JUDICIAL ELECTIONS AND THE FIRST AMENDMENT:
The Sensible Middle Path That The Supreme Court Missed

By AKHIL REED AMAR AND VIKRAM DAVID AMAR
Friday, Aug. 09, 2002

Yogi Berra once said, "when you come to a fork in the road, take it!"

All nine Justices in the Supreme Court's June ruling on state judicial elections seemed to follow Berra's advice. In Republican Party of Minnesota v. White, five Justices-yes, the usual five, Rehnquist, O'Connor, Kennedy, Scalia and Thomas-veered one way, using the First Amendment to strike down a Minnesota law that prohibited candidates for judicial office from speaking out on issues of the day. Four Justices-the usual dissenters, Stevens, Souter, Ginsburg, and Breyer-swerved in the other direction, voting to uphold the scheme as a legitimate effort to promote the reality and appearance of judicial impartiality.

But was the road before the Court really forked? Or might there have been less visible but promising middle path that all nine Justices, rushing to reach their respective endpoints, missed?

These questions are important not just for analyzing White itself, but also for thinking about how White should affect the dozens of other states that, like Minnesota, hold and regulate judicial elections. We believe there was indeed a middle course available in White that should have been found and explored by the Justices. And this middle course, which should provide guidance to other states, suggests that relatively small fixes to the Minnesota law should have changed the result.

The Law At Issue in White, and Why the Court Struck It Down

The Minnesota law at issue in White prohibited a candidate for judicial office, whether an incumbent judge or a non-judge challenger, from "announc[ing] his or her views on disputed legal or political issues." The prohibition went beyond candidate "promises" and forbade, for example, a candidate from criticizing a past court decision and indicating a willingness to consider a different result in similar cases down the road. (For our own take on the distinction between candidate promises and other candidate speech, at least in the federal judicial selection process, see our column of January 11.)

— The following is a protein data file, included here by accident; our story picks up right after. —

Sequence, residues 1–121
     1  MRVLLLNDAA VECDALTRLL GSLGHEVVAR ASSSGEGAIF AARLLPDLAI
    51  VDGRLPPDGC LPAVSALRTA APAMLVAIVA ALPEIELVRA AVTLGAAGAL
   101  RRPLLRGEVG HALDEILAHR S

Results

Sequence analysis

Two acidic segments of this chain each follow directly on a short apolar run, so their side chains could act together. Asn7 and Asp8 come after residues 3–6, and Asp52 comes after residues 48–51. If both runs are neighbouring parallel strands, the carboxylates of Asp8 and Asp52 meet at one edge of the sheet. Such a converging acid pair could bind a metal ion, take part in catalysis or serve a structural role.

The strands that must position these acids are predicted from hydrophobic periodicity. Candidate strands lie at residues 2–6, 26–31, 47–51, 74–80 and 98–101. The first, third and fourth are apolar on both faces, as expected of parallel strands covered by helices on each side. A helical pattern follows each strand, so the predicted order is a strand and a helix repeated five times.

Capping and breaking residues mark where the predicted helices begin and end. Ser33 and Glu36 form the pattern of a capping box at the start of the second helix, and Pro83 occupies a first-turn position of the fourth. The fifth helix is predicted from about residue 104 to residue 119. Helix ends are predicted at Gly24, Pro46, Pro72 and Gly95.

Strong sanctions accompanied Minnesota's prohibition. Judicial candidates who as sitting judges violate the Minnesota ban are subject to discipline, including removal, censure, civil penalties and suspension without pay. Lawyers who run for judicial office and violate the rule are subject to, among other things, disbarment, suspension, and probation from the practice of law.

Minnesota responded that it needed to regulate candidate speech in order to ensure that the public believes that judges are sufficiently open-minded about important matters that might come before them. According to the Court, however, whatever gain in public confidence the Minnesota law achieved was inadequate to overcome the free speech interests of the candidates, because of the "imperative that [candidates] be allowed to freely express themselves on matters of current public importance." Justice Kennedy, whose concurrence took a similar route, added that these First Amendment rights enjoyed by an individual are not surrendered simply because he has thrown his hat into the election ring.

The Dissenters' Contrasting Analysis

The dissenting Justices' approach was quite different. For them, this case was not so much about the First Amendment as it was about states' rights - in particular, the freedom of states to structure their judicial selection procedures to promote judiciousness.

Judicial elections, said the dissent, authored by Justice Ginsburg, are not like other "political" elections, because "there is a critical difference between the work of the judge and the work of other public officials." Judges, must be - and must be perceived to be - impartial and free from politics in a way that legislative and executive officials are not. Because of this, states must "not be put in an all or nothing choice of abandoning judicial elections or having elections in which anything goes."

The majority and dissenters end up in very different places. If one follows the majority, states are going to have a hard time discouraging judicial candidates from speaking their mind, however irresponsibly. Yet if one follows the dissent, states have a pretty free hand to deter people who want to criticize existing judicial rulings and doctrines - no matter the First Amendment costs this might entail. From where we sit, neither of these destinations seems very attractive.